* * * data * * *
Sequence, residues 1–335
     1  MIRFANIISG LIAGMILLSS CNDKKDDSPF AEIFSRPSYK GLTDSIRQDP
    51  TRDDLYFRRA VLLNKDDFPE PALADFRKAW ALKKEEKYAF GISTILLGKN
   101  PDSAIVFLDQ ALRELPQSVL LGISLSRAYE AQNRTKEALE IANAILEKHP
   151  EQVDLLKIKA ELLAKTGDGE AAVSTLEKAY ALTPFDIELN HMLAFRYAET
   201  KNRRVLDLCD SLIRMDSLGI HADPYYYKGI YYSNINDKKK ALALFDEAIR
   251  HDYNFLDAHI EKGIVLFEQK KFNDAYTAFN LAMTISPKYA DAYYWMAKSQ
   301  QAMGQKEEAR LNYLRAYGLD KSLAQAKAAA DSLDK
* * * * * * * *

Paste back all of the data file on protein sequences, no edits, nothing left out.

Sequence, residues 1–335
     1  MIRFANIISG LIAGMILLSS CNDKKDDSPF AEIFSRPSYK GLTDSIRQDP
    51  TRDDLYFRRA VLLNKDDFPE PALADFRKAW ALKKEEKYAF GISTILLGKN
   101  PDSAIVFLDQ ALRELPQSVL LGISLSRAYE AQNRTKEALE IANAILEKHP
   151  EQVDLLKIKA ELLAKTGDGE AAVSTLEKAY ALTPFDIELN HMLAFRYAET
   201  KNRRVLDLCD SLIRMDSLGI HADPYYYKGI YYSNINDKKK ALALFDEAIR
   251  HDYNFLDAHI EKGIVLFEQK KFNDAYTAFN LAMTISPKYA DAYYWMAKSQ
   301  QAMGQKEEAR LNYLRAYGLD KSLAQAKAAA DSLDK